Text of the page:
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OpEdNews Op Eds    H3'ed 12/31/18

Seven Deadly Symptoms of Our Current Malaise

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Signs that something is terribly wrong are ominous. Here are seven symptoms of our malady:

1) According to the Center for Disease Control, the average lifespan of Americans has declined for the second year in a row. Steven Pinker in Enlightenment Now points to the increases in lifespan around the globe in the past one hundred years as proof things are getting better so it is particularly disheartening to see the United States moving backward.

2) One of the reasons for our declining lifespan is a rise in suicides particularly in rural areas. Trump was, in part, elected as a result of resentment towards the government by those who live in the many distressed rural areas in the United States. They were angry at neoliberals and elite Republicans, whom they blamed for the loss of their good jobs. They blamed minorities and women who benefitted from Affirmative Action. They blamed immigrants who performed union jobs like roofing, construction, painting, etc. Not to mention their fears of terrorism and crime stoked by the media and politicians.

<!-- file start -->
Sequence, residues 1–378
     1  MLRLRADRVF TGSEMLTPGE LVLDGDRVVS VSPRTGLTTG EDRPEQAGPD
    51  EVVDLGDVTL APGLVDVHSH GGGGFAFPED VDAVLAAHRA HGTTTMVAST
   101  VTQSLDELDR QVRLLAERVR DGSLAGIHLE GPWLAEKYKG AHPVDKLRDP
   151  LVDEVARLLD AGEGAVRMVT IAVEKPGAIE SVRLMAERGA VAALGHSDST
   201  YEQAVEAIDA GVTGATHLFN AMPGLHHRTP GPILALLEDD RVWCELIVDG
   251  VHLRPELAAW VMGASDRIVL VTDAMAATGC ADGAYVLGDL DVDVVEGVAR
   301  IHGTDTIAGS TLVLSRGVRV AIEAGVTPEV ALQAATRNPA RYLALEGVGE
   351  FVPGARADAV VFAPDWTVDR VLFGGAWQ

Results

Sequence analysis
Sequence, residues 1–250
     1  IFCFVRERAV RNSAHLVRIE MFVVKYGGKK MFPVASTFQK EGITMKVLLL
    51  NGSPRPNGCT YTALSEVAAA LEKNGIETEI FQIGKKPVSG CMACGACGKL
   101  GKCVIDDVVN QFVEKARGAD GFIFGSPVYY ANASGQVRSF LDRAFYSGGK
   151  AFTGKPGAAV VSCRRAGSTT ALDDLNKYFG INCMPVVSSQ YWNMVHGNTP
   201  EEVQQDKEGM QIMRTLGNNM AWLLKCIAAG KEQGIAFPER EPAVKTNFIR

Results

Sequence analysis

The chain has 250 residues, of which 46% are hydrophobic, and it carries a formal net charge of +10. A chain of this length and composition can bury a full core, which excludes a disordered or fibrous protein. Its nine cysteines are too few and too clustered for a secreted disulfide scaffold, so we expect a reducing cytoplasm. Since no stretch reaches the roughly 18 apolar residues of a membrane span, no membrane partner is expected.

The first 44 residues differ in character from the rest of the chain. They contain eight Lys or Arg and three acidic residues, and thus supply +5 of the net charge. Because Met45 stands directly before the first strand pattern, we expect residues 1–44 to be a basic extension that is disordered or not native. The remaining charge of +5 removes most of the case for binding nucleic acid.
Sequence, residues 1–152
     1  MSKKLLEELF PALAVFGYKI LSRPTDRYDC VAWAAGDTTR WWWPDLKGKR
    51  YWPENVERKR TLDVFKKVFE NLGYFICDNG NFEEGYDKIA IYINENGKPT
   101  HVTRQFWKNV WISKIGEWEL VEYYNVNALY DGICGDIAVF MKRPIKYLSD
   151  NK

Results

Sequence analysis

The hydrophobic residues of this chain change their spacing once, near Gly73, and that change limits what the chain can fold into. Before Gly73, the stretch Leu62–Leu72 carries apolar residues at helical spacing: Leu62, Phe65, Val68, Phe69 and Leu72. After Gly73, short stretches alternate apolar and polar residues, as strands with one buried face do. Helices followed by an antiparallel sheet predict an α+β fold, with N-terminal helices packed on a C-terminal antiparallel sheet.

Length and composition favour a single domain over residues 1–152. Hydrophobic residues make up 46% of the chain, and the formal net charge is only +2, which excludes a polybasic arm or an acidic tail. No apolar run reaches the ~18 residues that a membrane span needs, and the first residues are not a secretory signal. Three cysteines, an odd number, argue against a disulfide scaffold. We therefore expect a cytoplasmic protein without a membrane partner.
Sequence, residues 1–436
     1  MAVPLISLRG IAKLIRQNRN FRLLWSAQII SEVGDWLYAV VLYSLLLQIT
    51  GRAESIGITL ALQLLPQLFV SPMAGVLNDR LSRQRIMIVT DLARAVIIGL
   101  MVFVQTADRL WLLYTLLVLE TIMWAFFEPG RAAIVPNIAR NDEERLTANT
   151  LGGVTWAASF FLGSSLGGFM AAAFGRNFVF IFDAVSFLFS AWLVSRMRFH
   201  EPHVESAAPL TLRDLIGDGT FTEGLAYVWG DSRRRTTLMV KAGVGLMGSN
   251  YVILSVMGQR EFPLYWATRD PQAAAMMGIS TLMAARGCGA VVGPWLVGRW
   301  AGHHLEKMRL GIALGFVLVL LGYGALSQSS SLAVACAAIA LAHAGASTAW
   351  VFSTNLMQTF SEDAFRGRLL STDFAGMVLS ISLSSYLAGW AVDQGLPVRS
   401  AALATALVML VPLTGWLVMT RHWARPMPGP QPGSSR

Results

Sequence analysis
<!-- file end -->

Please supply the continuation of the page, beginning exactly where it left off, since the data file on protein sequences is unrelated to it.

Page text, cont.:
3) Another cause of our declining lifespan is opioids responsible for 72,000 deaths last year according to The New York Times. The immediate reaction of our politicians and leaders is to blame the availability of opioids, but these drugs are available in many countries and they do not have an opioid crisis. Millions of us have gotten prescriptions from doctors after injuries and but we don't become addicted to opioids.

4) The endless wars and conflicts abroad have gotten lost in the news. The empire always needs an enemy in Orwell's 1984.There must be a focus for our fears of terrorism despite the fact that only 95 Americans have been killed by terrorists since 9/11. Both parties have bought into the need to be involved in foreign conflicts and the funding of our military. We keep trying to refight and win the war we lost in Vietnam. The military comprises only one percent of our population, remains largely unseen and enjoys widespread support, but most Americans know little about the extent of our involvement overseas.